Alex: #1 absolutely matters. Walks matter (Free Baserunners!). Strikeouts matter (The most worthless plate appearance possible). OBP matters. Moving runners over matter. Working the pitch count and thus getting to the soft part of a pitching staff in innings 6-7 matter. The fact that you don't see that may be part of the problem. Those teams consistently see success in October, the Rangers do not walk, they strikeout too much, they do not manufacture offense. They wait for home runs.

6 runs is 6 runs. But gaudy season totals mean nothing if you score 2 runs when you need it, and 14 when you don't.

Now, on to a disagreement about my Romo Manifesto from last week:

The whole Aikman, Staubach, Romo chart comparison is just ridiculous in any serious form of accurate evaluation. YES, the QB and the coach are the only two people who take responsibility for wins and losses, but football is such a team sport. Agghh, this is all so common sense and you know it.

I understand your love of Favre, but you ABSOLUTELY have an underestimation of Aikman. Troy threw precision timing routes to Irvin and Novacheck and others where they turned around and the ball was in their numbers. Troy did what needed to be done to WIN! and Win in the playoffs and win Super Bowls. He didn't give a ---- about his personal stats. Had be been in another system under different circumstances, he could have easily had much much more impressive stats, but he was bless with Emmitt and a solid team and he was a LEADER and did what he had to do to win. Emmitt has the RB TD record in big part because Irvin and Novacheck probably have the most receptions inside the 5 - goal line off all time ... research that if you can! Then Emmitt punched it in. Troy didn't care. The TEAM won!

Also, so so many games, Troy was not called on to throw for big yards because the game plan was to get the lead and then grind it out with Emmit. You probably think Dan Fouts was a better QB than Aikman and Drew Brees.

You take Wilt and his individual stats - I'll take Bill Russell and his TEAM world titles.

You take A-Rod - I'll take Jeter (never will win another because Rod is now the albatross.

I'll give you an exception ... Marino ... greatness that didn't have the team to help him, so it can go both ways. Aikman was fortunate to have the players on the team and the GREAT coach (Jimmy Johnson) and misfortune of having that taken away for that fool Switzer and what followed.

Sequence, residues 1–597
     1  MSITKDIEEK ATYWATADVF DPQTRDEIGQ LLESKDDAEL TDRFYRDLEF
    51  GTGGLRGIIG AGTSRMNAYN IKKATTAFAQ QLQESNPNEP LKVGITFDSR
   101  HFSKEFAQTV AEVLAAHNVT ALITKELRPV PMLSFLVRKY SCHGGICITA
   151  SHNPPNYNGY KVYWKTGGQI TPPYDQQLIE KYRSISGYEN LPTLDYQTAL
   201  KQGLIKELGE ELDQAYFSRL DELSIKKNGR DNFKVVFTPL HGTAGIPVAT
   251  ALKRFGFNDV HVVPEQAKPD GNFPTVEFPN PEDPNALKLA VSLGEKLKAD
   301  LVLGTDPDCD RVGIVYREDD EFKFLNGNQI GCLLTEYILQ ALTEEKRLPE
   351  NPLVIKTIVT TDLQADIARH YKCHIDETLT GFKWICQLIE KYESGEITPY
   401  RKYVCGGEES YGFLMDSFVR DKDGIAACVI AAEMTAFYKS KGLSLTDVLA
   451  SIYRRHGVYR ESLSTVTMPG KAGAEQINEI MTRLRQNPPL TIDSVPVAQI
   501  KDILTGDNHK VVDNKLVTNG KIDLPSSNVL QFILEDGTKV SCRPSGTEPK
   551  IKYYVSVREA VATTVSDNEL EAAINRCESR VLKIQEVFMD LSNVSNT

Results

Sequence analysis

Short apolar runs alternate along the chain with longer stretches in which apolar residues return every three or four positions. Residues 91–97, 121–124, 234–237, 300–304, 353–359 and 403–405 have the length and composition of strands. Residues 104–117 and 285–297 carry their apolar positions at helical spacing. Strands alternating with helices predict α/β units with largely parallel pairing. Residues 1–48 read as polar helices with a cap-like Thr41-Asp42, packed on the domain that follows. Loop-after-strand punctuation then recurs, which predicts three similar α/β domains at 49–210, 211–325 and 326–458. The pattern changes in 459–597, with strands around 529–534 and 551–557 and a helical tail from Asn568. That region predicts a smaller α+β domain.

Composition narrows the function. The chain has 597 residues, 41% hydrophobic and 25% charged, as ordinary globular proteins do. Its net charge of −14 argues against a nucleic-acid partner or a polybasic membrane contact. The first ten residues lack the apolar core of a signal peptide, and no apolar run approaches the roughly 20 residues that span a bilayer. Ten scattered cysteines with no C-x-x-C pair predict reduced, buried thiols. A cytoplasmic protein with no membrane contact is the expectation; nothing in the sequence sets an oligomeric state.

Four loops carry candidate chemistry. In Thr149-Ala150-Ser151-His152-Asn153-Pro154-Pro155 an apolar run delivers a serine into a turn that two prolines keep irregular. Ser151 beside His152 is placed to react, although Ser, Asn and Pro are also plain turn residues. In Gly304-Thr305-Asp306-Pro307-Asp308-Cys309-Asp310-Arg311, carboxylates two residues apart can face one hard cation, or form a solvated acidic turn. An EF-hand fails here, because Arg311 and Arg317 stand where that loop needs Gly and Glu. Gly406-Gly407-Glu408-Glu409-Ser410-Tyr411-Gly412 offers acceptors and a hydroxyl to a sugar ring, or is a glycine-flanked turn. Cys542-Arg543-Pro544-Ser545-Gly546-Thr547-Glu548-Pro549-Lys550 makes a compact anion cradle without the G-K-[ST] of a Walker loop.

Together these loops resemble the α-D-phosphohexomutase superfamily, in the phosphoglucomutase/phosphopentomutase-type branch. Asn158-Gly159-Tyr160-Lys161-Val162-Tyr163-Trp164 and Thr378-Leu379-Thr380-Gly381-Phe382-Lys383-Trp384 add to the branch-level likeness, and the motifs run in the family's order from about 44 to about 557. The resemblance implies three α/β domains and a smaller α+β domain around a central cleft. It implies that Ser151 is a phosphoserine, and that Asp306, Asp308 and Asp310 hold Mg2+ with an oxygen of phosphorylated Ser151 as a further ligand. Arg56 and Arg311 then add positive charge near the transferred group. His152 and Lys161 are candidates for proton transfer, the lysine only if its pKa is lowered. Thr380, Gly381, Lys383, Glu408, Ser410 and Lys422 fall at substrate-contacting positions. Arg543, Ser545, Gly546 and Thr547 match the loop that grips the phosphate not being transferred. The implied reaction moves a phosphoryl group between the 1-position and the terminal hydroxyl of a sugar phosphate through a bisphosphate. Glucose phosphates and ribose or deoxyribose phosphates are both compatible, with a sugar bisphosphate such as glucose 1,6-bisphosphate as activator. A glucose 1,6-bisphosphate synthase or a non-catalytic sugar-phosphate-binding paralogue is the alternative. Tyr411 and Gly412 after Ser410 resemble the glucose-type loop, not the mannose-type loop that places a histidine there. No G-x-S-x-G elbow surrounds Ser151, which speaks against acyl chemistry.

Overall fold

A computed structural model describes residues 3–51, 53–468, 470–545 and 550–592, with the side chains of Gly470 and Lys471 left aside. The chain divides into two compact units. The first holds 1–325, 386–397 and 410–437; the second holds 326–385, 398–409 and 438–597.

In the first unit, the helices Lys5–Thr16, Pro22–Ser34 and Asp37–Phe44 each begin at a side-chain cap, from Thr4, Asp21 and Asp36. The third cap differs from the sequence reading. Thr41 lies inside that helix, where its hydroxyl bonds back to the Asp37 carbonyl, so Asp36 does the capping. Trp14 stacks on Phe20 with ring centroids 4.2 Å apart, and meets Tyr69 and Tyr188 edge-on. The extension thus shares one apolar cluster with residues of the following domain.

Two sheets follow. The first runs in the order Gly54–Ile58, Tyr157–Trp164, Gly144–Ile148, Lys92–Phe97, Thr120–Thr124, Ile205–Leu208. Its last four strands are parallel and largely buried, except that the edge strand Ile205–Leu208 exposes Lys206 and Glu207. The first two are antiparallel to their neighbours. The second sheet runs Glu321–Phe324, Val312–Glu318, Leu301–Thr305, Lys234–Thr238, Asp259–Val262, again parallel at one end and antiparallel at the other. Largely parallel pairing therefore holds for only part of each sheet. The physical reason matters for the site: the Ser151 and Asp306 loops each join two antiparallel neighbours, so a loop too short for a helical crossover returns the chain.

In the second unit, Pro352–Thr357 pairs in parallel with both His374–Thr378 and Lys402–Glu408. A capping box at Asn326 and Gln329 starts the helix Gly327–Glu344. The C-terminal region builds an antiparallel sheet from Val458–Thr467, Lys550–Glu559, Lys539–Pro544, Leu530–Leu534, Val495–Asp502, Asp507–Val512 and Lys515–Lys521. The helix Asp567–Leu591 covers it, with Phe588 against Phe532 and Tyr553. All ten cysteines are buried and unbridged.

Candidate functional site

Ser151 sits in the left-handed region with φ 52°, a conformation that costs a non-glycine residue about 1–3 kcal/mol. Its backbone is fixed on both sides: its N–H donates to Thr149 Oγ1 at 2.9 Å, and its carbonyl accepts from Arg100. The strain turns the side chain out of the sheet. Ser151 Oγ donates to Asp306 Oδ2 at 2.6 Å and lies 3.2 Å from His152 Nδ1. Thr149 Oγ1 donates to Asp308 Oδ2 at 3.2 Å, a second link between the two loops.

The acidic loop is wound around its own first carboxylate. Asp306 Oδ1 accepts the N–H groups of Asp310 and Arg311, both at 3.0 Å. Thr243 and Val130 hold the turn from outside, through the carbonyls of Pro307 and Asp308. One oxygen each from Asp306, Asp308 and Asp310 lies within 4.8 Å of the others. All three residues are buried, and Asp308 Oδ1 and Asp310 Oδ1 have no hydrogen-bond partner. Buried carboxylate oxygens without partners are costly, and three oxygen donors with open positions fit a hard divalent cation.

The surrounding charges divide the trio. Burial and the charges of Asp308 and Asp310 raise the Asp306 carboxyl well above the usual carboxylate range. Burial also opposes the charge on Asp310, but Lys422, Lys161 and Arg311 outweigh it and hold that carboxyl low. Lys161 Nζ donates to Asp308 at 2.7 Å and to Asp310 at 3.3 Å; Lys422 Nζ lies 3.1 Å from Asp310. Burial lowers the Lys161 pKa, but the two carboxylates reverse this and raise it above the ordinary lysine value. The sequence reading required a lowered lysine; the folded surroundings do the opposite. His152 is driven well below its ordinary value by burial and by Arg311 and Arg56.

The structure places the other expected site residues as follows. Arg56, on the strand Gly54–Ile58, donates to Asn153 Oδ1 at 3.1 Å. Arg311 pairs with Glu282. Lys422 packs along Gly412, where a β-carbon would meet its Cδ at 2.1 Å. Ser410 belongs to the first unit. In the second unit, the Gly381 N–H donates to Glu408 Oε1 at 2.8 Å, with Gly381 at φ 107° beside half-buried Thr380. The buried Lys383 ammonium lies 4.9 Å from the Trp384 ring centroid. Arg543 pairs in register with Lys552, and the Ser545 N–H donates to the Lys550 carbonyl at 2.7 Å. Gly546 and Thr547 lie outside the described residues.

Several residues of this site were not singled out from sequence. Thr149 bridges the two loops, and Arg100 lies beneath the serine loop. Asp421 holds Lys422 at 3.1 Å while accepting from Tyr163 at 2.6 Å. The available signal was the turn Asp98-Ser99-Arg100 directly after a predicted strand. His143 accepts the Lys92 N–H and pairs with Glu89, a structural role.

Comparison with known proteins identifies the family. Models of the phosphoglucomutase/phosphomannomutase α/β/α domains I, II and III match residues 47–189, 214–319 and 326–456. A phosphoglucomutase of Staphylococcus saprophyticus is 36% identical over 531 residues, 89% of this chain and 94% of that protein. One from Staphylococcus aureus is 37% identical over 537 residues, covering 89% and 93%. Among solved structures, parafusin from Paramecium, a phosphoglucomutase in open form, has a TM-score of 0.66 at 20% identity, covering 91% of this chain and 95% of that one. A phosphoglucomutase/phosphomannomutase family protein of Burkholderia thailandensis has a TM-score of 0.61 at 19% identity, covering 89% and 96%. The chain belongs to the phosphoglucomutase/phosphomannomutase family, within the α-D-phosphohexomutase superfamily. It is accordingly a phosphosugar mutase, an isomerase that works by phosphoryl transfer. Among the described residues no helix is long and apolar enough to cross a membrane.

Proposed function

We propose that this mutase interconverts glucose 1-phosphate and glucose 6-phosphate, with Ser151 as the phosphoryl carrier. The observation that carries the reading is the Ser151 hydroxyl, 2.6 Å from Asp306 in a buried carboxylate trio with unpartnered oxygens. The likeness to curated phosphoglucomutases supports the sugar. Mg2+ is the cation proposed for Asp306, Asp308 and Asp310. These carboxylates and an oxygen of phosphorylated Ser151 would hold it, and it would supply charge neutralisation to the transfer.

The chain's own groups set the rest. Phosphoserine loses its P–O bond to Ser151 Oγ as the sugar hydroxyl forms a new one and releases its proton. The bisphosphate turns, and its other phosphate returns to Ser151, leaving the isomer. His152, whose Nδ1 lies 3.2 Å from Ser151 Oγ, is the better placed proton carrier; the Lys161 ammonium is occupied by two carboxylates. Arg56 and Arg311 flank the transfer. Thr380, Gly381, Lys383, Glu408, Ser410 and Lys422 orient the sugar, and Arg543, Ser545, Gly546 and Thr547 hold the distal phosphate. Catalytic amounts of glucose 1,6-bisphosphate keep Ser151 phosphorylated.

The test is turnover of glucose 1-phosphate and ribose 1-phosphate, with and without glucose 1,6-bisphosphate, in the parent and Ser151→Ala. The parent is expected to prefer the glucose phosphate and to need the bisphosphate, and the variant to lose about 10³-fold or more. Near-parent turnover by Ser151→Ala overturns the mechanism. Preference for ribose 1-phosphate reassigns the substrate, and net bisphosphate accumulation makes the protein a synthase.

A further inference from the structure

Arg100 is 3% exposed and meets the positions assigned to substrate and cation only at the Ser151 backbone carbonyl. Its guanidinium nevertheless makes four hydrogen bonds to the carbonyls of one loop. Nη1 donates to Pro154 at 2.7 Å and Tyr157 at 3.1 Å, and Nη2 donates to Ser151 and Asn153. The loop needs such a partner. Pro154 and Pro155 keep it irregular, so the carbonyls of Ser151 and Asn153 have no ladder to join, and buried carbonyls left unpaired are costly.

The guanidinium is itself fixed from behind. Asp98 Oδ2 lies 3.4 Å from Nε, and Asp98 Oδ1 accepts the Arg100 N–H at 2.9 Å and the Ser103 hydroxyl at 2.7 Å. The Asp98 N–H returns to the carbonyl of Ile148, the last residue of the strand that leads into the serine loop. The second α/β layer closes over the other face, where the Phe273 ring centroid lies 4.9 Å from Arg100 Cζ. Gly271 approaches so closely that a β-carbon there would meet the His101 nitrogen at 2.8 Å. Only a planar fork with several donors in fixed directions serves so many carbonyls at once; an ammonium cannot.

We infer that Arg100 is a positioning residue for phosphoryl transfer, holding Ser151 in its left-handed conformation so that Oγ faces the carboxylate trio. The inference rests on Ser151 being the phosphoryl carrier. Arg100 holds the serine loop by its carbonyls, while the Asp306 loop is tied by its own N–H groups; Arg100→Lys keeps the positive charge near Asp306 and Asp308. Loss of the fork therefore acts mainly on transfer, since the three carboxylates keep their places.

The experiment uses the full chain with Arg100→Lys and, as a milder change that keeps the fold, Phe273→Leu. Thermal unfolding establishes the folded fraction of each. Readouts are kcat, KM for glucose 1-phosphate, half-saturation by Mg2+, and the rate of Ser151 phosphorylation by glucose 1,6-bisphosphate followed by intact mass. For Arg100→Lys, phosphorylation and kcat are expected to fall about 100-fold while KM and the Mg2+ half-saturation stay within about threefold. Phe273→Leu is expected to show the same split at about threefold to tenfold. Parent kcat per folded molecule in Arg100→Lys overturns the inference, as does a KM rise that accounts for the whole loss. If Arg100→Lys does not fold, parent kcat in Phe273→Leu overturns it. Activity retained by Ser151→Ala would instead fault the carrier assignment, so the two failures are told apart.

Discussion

Elway was a great QB but he sucked in his early Super Bowls, and really wasn't that good in the final ones he won, but because he had a great career and did finally win two (Thanks to Terrel Davis and others he is deservedly considered great.

I like Romo and believe he has potential, but he has -- up and hasn't come thru in the big games, and to compare his first few seasons to Staubach and Aikman based on stats is just stupid. Aikman's fist year was on a team with pathetic talent. Staubach had a lot of talent around him. Romo had a lot of talent and and Parcells and Owens, and Witten, and NO expectations. He has done well and obviously I hope and wish him the best, but this stat stuff is overdone. Rod Carew had a great career, but I'd rather have Jeter's.



I think I should consider your screen-name before getting too carried away here, but are you sure you understood the point of the comparison between Staubach/Aikman/Romo? It was not to say Romo was better than Aikman or Staubach. It was to show you and anyone else that Staubach and Aikman were not finished products after 3 years. If you would have judged Aikman after 3 seasons, you would have made a major mistake as it pertained to the rest of his career!

Troy Aikman is a player I do not underestimate. I feel he is a clear-cut top flight QB. He is a clear Hall-of-Fame QB. I think those are impressive credentials. I would place him in a comparable bunch with other QB HOF greats, Bart Starr and Bob Griese. Three QB's who orchestrated some of the greater teams of the last 50 years without gaudy statistics. They operated under quality, not quantity, and it was perfect given the running games and defenses that those championship teams had. I hardly find that an underestimation to compare him to those greats.

Further, I am not sure my admiration of Brett Favre or John Elway should have anything to do with a look at the results of Troy's first 3 years. I believe you are missing the boat.

But, since we are on the topic, why are we to consider Troy's lack of talent around him in early in his career, but not mention that he may have enjoyed some of the most ridiculous talent advantages later in his career of anyone this side of Terry Bradshaw?

He should not be criticized for it, but how many of the other QB's you put down for not winning can honestly say that they played with a HOF WR, a HOF RB, a HOF G-T (Larry Allen), a near HOF G (Newton), and a near HOF TE (Novachek)? He had 3 Hall of Fame offensive teammates on the field his entire career! I think that is a Bill Russell and Derek Jeter type comparison that should be made, too.

Conversely, I believe you can make the case that Brett Favre never played with an offensive teammate who will ever be honored in Canton, Ohio. It is just not an apples to apples discussion, in my opinion.

The more Hall of Famers around you, the more you can rely on them to produce - allowing your QB to not take as many chances and risk horrible plays. And I think you will find that Starr and Griese also were able to allow the huge talents around them on their ensemble offenses to do the heavy lifting much of the time. And that is not an insult - that is a compliment to those General Managers and Coaches that put those teams together.